Or, at this moment, in this election, we can come together and say, "Not this time." This time we want to talk about the crumbling schools that are stealing the future of black children and white children and Asian children and Hispanic children and Native American children. This time we want to reject the cynicism that tells us that these kids can't learn; that those kids who don't look like us are somebody else's problem. The children of America are not those kids, they are our kids, and we will not let them fall behind in a 21st Century economy. Not this time.
This time we want to talk about how the lines in the emergency room are filled with whites and blacks and Hispanics who do not have health care, who don't have the power on their own to overcome the special interests in Washington, but who can take them on if we do it together. This time we want to talk about the shuttered mills that once provided a decent life for men and women of every race, and the homes for sale that once belonged to Americans from every religion, every region, every walk of life.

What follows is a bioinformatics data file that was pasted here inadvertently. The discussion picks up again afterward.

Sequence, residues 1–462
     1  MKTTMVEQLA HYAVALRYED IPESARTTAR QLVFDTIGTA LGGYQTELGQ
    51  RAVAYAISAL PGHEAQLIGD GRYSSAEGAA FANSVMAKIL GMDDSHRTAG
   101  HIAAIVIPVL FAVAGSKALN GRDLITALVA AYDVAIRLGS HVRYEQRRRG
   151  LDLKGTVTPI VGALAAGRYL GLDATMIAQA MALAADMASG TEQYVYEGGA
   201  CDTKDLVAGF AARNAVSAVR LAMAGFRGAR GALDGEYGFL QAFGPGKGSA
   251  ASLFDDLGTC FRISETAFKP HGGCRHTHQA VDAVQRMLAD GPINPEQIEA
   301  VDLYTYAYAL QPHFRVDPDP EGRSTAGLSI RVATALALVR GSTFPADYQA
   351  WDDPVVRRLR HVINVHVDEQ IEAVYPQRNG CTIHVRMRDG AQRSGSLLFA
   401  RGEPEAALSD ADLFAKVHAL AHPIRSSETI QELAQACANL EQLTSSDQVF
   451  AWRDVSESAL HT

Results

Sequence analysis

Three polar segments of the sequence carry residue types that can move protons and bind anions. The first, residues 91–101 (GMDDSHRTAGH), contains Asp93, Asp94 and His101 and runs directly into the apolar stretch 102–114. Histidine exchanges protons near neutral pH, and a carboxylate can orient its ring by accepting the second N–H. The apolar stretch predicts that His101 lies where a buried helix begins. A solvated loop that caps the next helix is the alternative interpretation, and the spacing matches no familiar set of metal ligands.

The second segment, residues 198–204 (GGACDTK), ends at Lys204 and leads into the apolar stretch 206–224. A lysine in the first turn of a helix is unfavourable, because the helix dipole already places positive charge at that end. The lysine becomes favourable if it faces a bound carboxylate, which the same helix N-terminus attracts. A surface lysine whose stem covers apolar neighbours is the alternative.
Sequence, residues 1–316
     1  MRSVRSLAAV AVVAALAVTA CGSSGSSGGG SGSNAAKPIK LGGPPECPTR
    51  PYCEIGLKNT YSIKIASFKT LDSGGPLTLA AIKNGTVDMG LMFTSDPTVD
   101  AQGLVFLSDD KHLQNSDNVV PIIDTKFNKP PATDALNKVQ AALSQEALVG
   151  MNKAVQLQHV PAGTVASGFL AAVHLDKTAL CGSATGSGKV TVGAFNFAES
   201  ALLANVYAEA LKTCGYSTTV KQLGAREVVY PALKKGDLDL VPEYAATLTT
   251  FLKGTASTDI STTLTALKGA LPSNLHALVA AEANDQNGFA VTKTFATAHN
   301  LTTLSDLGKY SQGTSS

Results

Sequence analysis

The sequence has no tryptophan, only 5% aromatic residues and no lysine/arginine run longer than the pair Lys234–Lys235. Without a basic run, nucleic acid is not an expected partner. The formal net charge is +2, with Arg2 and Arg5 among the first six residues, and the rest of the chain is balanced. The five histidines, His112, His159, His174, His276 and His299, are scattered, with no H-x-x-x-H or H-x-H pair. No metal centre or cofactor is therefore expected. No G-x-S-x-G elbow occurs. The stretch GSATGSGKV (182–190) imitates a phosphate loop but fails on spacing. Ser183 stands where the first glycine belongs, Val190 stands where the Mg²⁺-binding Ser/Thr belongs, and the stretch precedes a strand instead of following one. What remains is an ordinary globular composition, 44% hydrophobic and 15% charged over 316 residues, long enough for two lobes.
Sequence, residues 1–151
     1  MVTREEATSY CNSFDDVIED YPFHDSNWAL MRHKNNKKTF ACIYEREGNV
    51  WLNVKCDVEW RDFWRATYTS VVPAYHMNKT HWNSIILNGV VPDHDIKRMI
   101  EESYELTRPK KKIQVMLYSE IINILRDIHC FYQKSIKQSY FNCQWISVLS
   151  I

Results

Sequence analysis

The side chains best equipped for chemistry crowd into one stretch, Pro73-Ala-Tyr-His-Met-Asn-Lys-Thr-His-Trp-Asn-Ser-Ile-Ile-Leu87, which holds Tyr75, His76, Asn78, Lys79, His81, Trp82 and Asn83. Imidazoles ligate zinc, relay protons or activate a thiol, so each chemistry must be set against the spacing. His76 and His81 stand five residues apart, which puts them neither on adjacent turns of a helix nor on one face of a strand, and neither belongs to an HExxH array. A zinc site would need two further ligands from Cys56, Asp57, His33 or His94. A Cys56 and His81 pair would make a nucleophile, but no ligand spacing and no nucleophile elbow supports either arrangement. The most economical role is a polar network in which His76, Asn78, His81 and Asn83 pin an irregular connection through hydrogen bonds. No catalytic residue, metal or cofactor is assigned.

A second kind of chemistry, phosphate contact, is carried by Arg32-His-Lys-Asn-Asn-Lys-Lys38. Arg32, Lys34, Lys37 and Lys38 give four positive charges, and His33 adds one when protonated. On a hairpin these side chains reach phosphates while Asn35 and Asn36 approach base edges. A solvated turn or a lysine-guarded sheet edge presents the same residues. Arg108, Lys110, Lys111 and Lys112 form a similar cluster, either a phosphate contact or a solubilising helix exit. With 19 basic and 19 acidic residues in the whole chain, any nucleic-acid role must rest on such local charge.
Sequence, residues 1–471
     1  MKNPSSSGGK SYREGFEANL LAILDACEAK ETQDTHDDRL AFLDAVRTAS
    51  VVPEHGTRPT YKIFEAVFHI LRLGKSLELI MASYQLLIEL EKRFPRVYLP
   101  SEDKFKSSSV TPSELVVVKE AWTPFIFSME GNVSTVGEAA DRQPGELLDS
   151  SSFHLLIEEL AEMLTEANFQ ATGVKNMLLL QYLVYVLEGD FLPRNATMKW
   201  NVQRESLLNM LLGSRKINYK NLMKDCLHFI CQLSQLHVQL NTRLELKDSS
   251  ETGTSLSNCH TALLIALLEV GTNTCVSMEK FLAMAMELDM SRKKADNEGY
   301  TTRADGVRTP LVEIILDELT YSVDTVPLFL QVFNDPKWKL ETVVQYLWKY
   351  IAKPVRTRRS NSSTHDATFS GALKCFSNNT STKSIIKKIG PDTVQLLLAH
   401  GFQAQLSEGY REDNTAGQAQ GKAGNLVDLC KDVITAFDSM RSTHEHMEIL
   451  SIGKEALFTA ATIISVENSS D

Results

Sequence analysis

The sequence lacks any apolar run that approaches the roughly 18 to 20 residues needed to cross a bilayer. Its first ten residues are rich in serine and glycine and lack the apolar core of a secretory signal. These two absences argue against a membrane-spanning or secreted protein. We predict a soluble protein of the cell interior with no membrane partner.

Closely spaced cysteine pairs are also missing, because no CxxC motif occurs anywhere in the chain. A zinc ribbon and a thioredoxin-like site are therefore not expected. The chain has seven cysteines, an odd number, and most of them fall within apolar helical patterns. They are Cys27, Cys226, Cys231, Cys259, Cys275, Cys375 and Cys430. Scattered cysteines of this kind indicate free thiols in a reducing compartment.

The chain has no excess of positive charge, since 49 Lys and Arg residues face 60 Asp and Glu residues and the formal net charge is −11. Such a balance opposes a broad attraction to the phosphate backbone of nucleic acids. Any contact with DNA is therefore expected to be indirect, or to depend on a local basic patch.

This time we want to talk about the fact that the real problem is not that someone who doesn't look like you might take your job; it's that the corporation you work for will ship it overseas for nothing more than a profit. This time we want to talk about the men and women of every color and creed who serve together, and fight together, and bleed together under the same proud flag.
I would not be running for president if I didn't believe with all my heart that this is what the vast majority of Americans want for this country. This union may never be perfect, but generation after generation has shown that it can always be perfected. And today, whenever I find myself feeling doubtful or cynical about this possibility, what gives me the most hope is the next generation -- the young people whose attitudes and beliefs and openness to change have already made history in this election.